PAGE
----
Send to

Choose Destination
Biochem Biophys Res Commun. 2004 Dec 10;325(2):445-52.

Inactivated SARS-CoV vaccine elicits high titers of spike protein-specific antibodies that block receptor binding and virus entry.

Author information

Viral Immunology Laboratory, Lindsley F. Kimball Research Institute, New York Blood Center, New York, NY 10021, USA.


The only severe acute respiratory syndrome (SARS) vaccine currently being tested in clinical trial consists of inactivated severe acute respiratory syndrome-associate coronavirus (SARS-CoV). However, limited information is available about host immune responses induced by the inactivated SARS vaccine. In this study, we demonstrated that SARS-CoV inactivated by beta-propiolactone elicited high titers of antibodies in the immunized mice and rabbits that recognize the spike (S) protein, especially the receptor-binding domain (RBD) in the S1 region. The antisera from the immunized animals efficiently bound to the RBD and blocked binding of RBD to angiotensin-converting enzyme 2, the functional receptor on the susceptible cells for SARS-CoV. With a sensitive and quantitative single-cycle infection assay using pseudovirus bearing the SARS-CoV S protein, we demonstrated that mouse and rabbit antisera significantly inhibited S protein-mediated virus entry with mean 50% inhibitory titers of 1:7393 and 1:2060, respectively. These data suggest that the RBD of S protein is a major neutralization determinant in the inactivated SARS vaccine which can induce potent neutralizing antibodies to block SARS-CoV entry. However, caution should be taken in using the inactivated SARS-CoV as a vaccine since it may also cause harmful immune and/or inflammatory responses.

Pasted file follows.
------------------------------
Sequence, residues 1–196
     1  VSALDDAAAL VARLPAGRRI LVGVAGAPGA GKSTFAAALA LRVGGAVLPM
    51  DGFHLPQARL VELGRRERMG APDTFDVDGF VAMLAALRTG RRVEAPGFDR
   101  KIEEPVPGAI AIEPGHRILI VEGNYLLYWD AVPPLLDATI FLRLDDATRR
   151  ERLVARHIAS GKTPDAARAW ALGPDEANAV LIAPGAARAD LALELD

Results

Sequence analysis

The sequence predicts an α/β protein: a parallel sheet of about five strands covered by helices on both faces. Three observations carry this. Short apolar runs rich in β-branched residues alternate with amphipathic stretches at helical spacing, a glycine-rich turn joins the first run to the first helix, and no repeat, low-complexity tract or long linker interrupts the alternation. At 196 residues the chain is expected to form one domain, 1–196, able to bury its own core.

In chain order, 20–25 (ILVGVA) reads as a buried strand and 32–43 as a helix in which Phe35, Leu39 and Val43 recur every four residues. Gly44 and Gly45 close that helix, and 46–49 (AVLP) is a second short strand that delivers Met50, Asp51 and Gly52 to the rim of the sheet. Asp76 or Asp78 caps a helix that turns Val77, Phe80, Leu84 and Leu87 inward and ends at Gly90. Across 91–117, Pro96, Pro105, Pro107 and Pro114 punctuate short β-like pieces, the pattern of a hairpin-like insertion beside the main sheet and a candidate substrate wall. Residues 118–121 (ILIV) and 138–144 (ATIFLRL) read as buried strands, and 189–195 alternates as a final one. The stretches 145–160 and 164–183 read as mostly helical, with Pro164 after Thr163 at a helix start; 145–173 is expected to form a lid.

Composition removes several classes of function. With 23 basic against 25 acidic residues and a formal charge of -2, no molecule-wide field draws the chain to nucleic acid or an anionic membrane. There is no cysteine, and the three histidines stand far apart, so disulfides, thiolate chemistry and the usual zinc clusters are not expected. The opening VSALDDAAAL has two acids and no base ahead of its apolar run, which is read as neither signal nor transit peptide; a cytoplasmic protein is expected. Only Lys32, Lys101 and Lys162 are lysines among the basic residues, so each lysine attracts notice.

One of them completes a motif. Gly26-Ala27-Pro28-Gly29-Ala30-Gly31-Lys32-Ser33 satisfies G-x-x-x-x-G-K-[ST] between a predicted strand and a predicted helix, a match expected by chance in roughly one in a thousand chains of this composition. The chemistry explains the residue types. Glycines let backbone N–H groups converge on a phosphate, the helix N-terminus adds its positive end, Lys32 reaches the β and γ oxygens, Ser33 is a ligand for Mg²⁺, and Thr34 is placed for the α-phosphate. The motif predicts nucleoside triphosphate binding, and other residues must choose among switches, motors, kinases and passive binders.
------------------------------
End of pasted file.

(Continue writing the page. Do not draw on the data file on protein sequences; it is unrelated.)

[Indexed for MEDLINE]

Supplemental Content

Full text links

Icon for Elsevier Science
Loading ...
Support Center